A tensor with two indices (running from 1 to 3) has nine components (in each coordinate system). The number of components isn't really a problem, since you can take the diagonal components to be zero. The problem is that the definition of "tensor" ensures that the components of the tensor in a coordinate system S are related to the components in another coordinate system S' in a certain way, and you have specified the components of a tensor in all inertial coordinate system without checking if they satisfy this relationship. And it turns out they don't.

However, in the context of special relativity (where indices run from 0 to 3), it is possible to do something similar to the electric and magnetic fields. Link.

I don't think that's possible. You need to at least earn about vector spaces and linear operators first. This is what I can tell you:

If you want to see the rest of that post, click the > link at the start of the quote.

I consider that "definition" stupid and obsolete, and to make things worse, it's almost always presented in a way that's beyond horrible.

I posted the modern definition here if you're interested. This post contains a few comments about the stupid definition.

4. Aug 4, 2010

### marschmellow

I was already pretty confident in my understanding of the dot product, and your responses have made me more so. Thank you.

As to my second question, the answer I seem to be getting is "sure, you can create a matrix like that, but it would be meaningless and/or pointless." I couldn't follow the details on exactly why that is true, but I will take your word for it.

I think I know what a vector space is (similar to a group or ring in that it involves a certain kind of object, in this case vectors or maybe higher order tensors, and operations defined for them, but also involving a specific coordinate system slash manifold in which the vectors and their components live?), and I get the basic idea of a manifold (an n-dimensional surface ambient in a higher dimensional Euclidian space defined by a one-to-one mapping from every point in n-dimensional Euclidian space to n+1-dimensional Euclidian space?), but I don't understand at all how these concepts work together, especially when it comes to terms like tangent spaces and such, so I think the answer to my third question is way over my head. I might use MIT open courseware to learn about linear algebra if I get impatient or I might just wait for college.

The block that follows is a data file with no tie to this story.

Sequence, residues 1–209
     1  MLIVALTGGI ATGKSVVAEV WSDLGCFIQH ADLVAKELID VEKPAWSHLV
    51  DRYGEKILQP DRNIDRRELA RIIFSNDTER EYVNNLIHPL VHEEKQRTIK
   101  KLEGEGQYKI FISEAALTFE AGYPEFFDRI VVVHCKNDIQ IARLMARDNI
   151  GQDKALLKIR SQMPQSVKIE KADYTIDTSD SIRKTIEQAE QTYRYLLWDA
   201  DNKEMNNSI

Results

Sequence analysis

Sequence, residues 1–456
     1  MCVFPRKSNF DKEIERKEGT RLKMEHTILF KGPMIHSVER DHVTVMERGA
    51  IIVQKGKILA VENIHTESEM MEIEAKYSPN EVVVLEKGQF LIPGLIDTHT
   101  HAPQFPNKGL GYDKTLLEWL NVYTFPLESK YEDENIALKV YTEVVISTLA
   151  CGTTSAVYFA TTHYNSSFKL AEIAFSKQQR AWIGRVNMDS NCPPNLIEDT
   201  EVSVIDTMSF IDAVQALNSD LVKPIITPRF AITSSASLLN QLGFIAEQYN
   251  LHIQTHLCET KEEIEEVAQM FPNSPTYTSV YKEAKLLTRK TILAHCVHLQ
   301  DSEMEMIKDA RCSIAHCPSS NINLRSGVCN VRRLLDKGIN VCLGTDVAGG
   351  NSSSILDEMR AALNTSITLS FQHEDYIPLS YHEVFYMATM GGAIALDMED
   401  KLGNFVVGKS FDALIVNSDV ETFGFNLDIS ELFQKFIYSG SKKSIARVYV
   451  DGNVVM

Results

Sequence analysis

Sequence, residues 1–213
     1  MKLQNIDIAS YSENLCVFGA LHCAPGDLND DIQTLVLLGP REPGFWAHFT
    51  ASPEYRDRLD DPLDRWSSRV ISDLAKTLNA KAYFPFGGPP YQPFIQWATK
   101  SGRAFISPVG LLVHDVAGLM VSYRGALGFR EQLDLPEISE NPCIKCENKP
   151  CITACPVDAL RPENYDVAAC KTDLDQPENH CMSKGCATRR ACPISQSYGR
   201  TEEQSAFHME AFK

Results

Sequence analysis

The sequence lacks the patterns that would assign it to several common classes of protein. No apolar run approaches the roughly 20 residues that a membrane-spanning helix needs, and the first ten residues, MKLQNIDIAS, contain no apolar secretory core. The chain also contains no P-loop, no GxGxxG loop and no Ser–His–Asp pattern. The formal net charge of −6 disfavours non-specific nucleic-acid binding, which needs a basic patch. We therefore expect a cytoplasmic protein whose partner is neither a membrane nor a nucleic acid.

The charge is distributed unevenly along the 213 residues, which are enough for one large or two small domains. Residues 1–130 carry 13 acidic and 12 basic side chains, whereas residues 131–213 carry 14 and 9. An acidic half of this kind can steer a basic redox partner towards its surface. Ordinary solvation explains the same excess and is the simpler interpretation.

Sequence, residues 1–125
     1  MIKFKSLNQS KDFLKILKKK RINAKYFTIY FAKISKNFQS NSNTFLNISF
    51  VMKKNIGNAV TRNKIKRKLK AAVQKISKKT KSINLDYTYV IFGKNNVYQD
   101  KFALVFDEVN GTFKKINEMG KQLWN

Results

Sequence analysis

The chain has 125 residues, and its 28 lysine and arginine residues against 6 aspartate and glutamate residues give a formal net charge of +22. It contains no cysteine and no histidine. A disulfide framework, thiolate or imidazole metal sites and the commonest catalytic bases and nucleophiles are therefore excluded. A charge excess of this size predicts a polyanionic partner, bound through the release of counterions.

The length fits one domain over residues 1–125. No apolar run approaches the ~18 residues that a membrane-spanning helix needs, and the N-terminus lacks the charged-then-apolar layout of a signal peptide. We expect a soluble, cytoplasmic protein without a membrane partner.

Thank you both for your help. If you have any suggestions for what the next best thing I could do for improving my math knowledge from where I am now, I would appreciate it greatly.

5. Aug 4, 2010

### Fredrik

Staff Emeritus
I think the best thing to do is to study linear algebra as soon as you're able to. My favorite book is Axler.

A vector space is less complicated than you think. The definition involves a set and a couple of functions called "addition" and "scalar multiplication" (not to be confused with scalar products), which are required to satisfy a list of eight specific axioms. Check out the Wikipedia definition (and pretend that it says "the real numbers" instead of "a field F").

The definition of "manifold" is very complicated, and probably not something you should worry about for a few more years. The connection between manifolds and vector spaces is that there's a vector space associated with each point of the manifold, called the tangent space at that point.

6. Aug 4, 2010

### llarsen

Let me try and give you a quick explanation of covariant and contravariant indicies and what they mean. First it is useful to understand first order tensors, by which I mean tensors that have one index. These are called vectors and covectors. Vectors are represented by a contravariant (upper) index and covectors by a covariant (lower) index. So where do these come from:

Suppose you want to identify a point in space. There are two ways you can think of identifying the point. One is to think of the intersection of the coordinate functions. For example, in x, y, z space, for the point (5,1,2) you might think of the constant surface x=5, intersecting with the constant surfaces y=1 and z=2. Typically however, we tend to think of this in terms of coordinate lines. The coordinate lines for x falls along constant surfaces of y and z. It is parameterized by x. So, typically rather than identify the point (5,1,2) by the intersection of constant surfaces, you walk along the coordinate line x out to 5, then you walk along the coordinate line y out to 1, then the z coordinate line out to 2.

The coordinate functions and coordinate lines are duals of one another. If I define the coordinate functions, I automatically defined a set of coordinate lines. However, these objects have different properties. A function is characterized by constant surfaces. It has a direction and rate of change, but there is no 1-D path to characterize a function. A parameterized line has a specific direction along a 1-D path and a rate of change along that path.